Caught or not Door one Door two Door three Total Caught \(\frac{1}{15}\) \(\frac{1}{12}\) \(\frac{1}{6}\) \(\frac{19}{60}\) Not caught \(\frac{4}{15}\) \(\frac{3}{12}\) \(\frac{1}{6}\) \(\frac{41}{60}\) Total \(\frac{5}{15}\) \(\frac{4}{12}\) \(\frac{2}{6}\) 1 Table \(\PageIndex{7}\) Door Choice
b. What is the probability that Alissa does not catch Muddy?
 Answer

b. \(\frac{41}{60}\)
c. What is the probability that Muddy chooses \(\text{Door One }\cup\text{ Door Two}\) given that Muddy is caught by Alissa?
 Answer

c. \(\frac{1/15 + 1/12}{19/60} = \frac{9}{19}\)
Example \(\PageIndex{4}\)
Table \(\PageIndex{8}\) contains the number of crimes per 100,000 inhabitants from 2008 to 2011 in the U.S.
Year  Robbery  Burglary  Rape  Vehicle  Total 

2008  145.7  732.1  29.7  314.7  
2009  133.1  717.7  29.1  259.2  
2010  119.3  701  27.7  239.1  
2011  113.7  702.2  26.8  229.6  
Total 
TOTAL each column and each row. Note that total data = 4,520.7
 Find \(P(2009\cap\text{ Robbery})\).
 Find \(P(2010\cap\text{ Burglary})\).
 Find \(P(2010\cup\text{ Burglary})\).
 Find \(P(2011\text{ Rape})\).
 Find \(P(\text{Vehicle }2008)\).
 Answer

 0.0294
 0.1551
 0.7165
 0.2365
 0.2575
Exercise \(\PageIndex{3}\)
Table \(\PageIndex{9}\) relates the weights and heights of a group of individuals participating in an observational study.
Weight/height  Tall  Medium  Short  Totals 

Obese  18  28  14  
Normal  20  51  28  
Underweight  12  25  9  
Totals 
 Find the total for each row and column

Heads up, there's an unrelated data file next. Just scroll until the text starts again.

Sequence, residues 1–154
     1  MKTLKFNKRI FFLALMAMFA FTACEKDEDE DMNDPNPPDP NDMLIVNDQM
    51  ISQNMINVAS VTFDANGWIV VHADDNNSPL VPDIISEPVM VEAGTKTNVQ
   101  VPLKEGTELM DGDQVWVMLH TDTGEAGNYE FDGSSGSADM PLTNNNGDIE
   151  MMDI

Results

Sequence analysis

Find the probability that a randomly chosen individual from this group is Tall.
 Find the probability that a randomly chosen individual from this group is Obese and Tall.
 Find the probability that a randomly chosen individual from this group is Tall given that the individual is Obese.
 Find the probability that a randomly chosen individual from this group is Obese given that the individual is Tall.
 Find the probability a randomly chosen individual from this group is Tall and Underweight.
 Are the events Obese and Tall independent?
Tree Diagrams
Sometimes, when the probability problems are complex, it can be helpful to graph the situation. Tree diagrams can be used to visualize and solve conditional probabilities.
Tree Diagrams
A tree diagram is a special type of graph used to determine the outcomes of an experiment. It consists of "branches" that are labeled with either frequencies or probabilities. Tree diagrams can make some probability problems easier to visualize and solve. The following example illustrates how to use a tree diagram.
Example \(\PageIndex{5}\)
In an urn, there are 11 balls. Three balls are red (R) and eight balls are blue (B). Draw two balls, one at a time, with replacement. "With replacement" means that you put the first ball back in the urn before you select the second ball. The tree diagram using frequencies that show all the possible outcomes follows.
The first set of branches represents the first draw. The second set of branches represents the second draw. Each of the outcomes is distinct. In fact, we can list each red ball as R1, R2, and R3 and each blue ball as B1, B2, B3, B4, B5, B6, B7, and B8. Then the nine RR outcomes can be written as: